I write to you as the youngest member of the Reform Think
Tank, an 18-month-long collaboration among the URJ, CCAR, and HUC-JIR to assess
Reform Judaism at this juncture in our history and to reenvision the future of
the Reform Movement.
2010 A “family portrait” of NFTY Board members.
I am on the lower
My involvement in the Reform Jewish world dates back to my Daddy-and-Me
toddler group. I started Sunday school in second grade, spent summers at URJ
Camps Newman and Kutz, and participated in the North American Federation of
Temple Youth, serving as NFTY's 60th president from 2009 to 2010. Now a college
student, I'm excited and honored to continue serving as a Reform leader
alongside other Think Tank participants, facilitating conversation and debate
among ourselves and our constellation of more than 900 congregations and their
members. Already, I've learned that the central challenges NFTY faces mirror
those at the highest levels of our Movement, all pointing to the central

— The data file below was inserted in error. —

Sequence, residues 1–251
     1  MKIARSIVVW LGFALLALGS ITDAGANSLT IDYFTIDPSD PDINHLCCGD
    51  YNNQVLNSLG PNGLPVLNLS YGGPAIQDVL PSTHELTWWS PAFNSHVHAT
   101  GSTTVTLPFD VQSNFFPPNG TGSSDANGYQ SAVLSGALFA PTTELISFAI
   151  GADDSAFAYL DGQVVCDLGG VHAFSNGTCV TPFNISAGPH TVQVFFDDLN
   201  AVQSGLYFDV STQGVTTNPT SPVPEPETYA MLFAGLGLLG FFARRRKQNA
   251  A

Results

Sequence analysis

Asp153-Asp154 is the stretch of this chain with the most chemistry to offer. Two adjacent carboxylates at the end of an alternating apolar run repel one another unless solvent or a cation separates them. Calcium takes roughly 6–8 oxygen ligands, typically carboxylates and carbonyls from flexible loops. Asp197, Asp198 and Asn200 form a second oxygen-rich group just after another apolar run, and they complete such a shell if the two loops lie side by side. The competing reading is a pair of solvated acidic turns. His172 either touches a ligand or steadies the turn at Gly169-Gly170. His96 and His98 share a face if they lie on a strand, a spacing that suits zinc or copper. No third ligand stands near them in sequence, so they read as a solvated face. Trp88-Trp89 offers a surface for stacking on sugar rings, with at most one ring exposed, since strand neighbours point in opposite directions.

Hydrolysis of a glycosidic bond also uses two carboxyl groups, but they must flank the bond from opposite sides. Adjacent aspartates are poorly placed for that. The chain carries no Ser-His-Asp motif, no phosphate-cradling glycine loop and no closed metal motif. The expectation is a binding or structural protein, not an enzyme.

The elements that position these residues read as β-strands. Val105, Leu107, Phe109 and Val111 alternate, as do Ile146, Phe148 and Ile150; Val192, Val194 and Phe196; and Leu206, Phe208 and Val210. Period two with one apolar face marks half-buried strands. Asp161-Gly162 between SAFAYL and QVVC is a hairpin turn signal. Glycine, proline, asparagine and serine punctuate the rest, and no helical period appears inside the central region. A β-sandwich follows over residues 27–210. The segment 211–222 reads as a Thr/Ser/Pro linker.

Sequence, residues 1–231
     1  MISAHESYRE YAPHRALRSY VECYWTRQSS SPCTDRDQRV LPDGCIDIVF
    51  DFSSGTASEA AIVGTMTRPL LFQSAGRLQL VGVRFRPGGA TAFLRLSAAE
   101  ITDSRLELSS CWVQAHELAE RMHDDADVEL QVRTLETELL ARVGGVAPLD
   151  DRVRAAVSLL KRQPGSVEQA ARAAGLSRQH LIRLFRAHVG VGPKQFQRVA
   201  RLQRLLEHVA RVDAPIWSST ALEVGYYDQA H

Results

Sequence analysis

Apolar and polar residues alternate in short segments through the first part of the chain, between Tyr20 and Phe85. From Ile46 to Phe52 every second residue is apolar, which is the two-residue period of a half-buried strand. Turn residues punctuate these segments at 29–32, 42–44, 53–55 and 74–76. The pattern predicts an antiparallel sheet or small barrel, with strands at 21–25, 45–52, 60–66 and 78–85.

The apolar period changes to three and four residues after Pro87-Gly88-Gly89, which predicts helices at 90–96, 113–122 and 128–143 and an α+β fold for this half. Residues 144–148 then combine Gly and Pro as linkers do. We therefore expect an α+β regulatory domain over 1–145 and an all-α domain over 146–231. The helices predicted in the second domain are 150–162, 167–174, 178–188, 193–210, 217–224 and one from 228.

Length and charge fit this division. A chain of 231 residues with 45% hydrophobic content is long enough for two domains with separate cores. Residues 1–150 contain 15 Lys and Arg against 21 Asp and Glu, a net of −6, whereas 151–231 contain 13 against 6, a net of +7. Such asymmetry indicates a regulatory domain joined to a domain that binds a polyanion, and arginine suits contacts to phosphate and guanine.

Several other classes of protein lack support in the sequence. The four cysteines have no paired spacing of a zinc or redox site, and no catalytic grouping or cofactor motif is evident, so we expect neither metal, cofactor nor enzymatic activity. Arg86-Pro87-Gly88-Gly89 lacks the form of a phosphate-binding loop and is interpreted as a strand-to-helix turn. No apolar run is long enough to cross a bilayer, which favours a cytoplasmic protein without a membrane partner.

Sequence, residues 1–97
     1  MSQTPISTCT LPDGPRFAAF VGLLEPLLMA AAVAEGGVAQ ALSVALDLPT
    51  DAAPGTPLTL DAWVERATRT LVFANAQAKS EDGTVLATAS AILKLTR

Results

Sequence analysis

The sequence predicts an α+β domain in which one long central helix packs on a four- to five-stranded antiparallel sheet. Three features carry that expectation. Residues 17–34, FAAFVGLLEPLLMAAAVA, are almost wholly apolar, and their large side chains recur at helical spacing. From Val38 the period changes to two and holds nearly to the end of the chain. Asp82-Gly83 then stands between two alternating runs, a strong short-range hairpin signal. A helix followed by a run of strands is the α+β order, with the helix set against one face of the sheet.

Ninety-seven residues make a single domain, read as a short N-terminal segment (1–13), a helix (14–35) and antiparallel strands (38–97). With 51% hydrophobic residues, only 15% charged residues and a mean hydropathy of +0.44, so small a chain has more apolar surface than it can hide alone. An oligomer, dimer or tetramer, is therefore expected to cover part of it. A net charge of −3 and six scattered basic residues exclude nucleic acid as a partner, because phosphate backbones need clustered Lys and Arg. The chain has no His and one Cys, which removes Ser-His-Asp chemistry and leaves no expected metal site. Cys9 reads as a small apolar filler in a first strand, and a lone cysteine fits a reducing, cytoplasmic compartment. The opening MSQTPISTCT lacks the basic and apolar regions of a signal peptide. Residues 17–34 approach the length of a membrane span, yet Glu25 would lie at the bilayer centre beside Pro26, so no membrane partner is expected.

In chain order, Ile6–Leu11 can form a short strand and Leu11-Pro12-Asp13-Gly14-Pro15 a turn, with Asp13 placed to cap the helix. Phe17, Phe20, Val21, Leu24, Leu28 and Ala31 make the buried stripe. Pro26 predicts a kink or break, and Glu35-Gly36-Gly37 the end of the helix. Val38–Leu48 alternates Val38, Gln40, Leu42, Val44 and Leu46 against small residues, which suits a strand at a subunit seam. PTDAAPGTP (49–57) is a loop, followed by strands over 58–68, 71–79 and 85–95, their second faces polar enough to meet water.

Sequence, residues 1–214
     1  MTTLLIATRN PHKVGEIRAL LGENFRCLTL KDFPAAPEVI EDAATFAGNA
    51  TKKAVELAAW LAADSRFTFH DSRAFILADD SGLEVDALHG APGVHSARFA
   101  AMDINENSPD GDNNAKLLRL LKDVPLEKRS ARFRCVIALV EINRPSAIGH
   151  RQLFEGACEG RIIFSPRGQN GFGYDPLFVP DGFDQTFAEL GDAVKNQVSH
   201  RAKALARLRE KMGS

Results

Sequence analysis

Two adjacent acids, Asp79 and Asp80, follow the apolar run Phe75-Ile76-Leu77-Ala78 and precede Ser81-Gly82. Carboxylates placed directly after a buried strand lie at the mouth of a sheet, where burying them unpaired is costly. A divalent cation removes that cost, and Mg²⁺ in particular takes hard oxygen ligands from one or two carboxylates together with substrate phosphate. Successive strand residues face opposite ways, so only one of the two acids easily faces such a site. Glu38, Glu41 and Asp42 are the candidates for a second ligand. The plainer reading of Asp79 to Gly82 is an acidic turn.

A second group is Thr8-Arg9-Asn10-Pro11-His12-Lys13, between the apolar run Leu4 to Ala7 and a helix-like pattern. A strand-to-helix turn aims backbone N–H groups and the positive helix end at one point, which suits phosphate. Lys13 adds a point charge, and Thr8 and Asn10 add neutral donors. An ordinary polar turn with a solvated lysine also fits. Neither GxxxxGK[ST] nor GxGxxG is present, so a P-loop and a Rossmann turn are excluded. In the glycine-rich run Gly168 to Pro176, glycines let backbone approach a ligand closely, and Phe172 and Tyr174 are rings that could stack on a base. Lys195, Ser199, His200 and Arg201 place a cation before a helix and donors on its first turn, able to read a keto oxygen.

question: What part does Reform Judaism play in our evolving North American
Reform Judaism magazine's editors created the following Focus
section, "Reforming Judaism," to help us understand the fascinating trajectory
of our collective history, providing insights into our past and present as we
imagine our future. On behalf of the Think Tank members, I invite you to read
these articles and consider the guiding questions posed alongside them as you
reflect on your own Jewish story.
Your input fuels the Think Tank's success. Join the conversation at reformjudaismmag.org/thinktank,
where you'll read my ideas, reflections, and responses to these questions, as
well as contributions from youth leaders and Think Tank members. Most
importantly, please add your voice. Your story and your responses are pieces of
the mosaic of North American Reform Jewry. All of our perspectives are key as we
shape our community's future together.
I look forward to meeting you, both through this online exchange of thoughts
and ideas and at the Biennial outside DC this December. We have a lot to talk
Aliza Gazek, a former NFTY president, is a member of Temple Beth El in
Aptos, California and a sophomore at Stanford University.